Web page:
Fission fragment data is incredibly important for theory supporting advanced reactor concepts and for active interrogation in support of nonproliferation and safeguards. In terms of fundamental data, it is incredible what is still not known about fission. The report of the “Nuclear Physics and Related Computational Science R&D for Advanced Fuel Cycles (AFC) Workshop” [1] identifies in its section on “Nuclear Measurements” the need for new fission cross section measurements. The report singles out specifically the area of fission fragment yields and their kinetic energies as an area where data are needed to achieve a better understanding of the fission process.

i. Light ion experiments:
We performed beam experiments at Lawrence Berkeley National Laboratory in collaboration with colleagues at PNNL to examine fission fragments following 45 MeV 6Li on 232Th. Using coincidence gamma rays, both symmetric and antisymmetric fission products were observed, notably in the A=95, 122, and 132 mass regions. Many isomeric states were observed in the study, and previously unknown isomer half lives and gamma rays from neutron rich nuclei were determined [2].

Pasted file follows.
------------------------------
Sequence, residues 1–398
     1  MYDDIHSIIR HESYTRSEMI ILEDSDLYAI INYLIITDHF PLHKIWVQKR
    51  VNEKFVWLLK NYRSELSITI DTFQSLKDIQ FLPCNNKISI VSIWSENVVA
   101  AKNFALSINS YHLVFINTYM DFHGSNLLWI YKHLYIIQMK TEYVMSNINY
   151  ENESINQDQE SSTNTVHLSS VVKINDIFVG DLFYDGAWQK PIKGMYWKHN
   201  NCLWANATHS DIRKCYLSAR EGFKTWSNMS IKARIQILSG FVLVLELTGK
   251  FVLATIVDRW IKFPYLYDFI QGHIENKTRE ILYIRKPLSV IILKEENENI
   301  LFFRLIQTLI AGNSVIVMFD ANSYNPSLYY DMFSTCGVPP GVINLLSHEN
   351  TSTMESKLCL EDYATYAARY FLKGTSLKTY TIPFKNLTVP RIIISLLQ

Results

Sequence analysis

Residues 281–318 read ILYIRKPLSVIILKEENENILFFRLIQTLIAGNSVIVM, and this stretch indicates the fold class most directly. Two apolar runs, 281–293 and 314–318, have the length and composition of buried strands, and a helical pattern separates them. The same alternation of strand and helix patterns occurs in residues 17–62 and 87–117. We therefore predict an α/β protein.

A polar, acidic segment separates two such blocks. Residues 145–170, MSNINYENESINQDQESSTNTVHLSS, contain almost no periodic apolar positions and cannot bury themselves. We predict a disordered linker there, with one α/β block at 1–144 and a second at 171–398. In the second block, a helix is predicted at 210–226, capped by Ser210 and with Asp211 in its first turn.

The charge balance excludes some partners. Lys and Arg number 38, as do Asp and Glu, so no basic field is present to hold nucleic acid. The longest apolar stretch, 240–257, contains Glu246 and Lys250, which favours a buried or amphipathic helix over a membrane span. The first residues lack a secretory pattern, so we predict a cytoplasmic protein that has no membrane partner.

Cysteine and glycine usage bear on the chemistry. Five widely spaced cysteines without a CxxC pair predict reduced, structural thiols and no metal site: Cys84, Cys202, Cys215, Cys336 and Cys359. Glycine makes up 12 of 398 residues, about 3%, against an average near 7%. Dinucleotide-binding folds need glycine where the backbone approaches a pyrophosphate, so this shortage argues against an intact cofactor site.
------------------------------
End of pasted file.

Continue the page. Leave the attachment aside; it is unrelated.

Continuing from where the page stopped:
ii. Neutron beam work

UNM Fission Fragment Spectrometer and preliminary 252Cf mass data (uncorrected)

Another approach to fission fragment data is high resolution data on fission mass distributions. We are in collaboration with researchers at the Los Alamos Neutron Science CEnter (LANSCE) at LANL on the SPIDER project (SPectrometer for Ion DEtermination in fission Research), to measure fission fragments, particle by particle, over a range of incident neutron energies over a range of fission targets. We were originally funded through a contract with Los Alamos and then changed over to a DOE-NEUP award.
See summary at:

We are building spectrometers and detectors at both LANL and UNM. The spectrometers are based on time-of-flight (TOF) fragment velocity measurements and ionization chamber (IC) energy measurements, with the data correlated particle-by-particle, which itself is very involved. From E and v for each particle, following E=1/2 mv2, we extract fragment mass. A mass distribution plot from the UNM spectrometer from correlating v and E is presented in the figure (before E loss corrections). Some of our TOF work is presented in reference [3] and more papers are in preparation.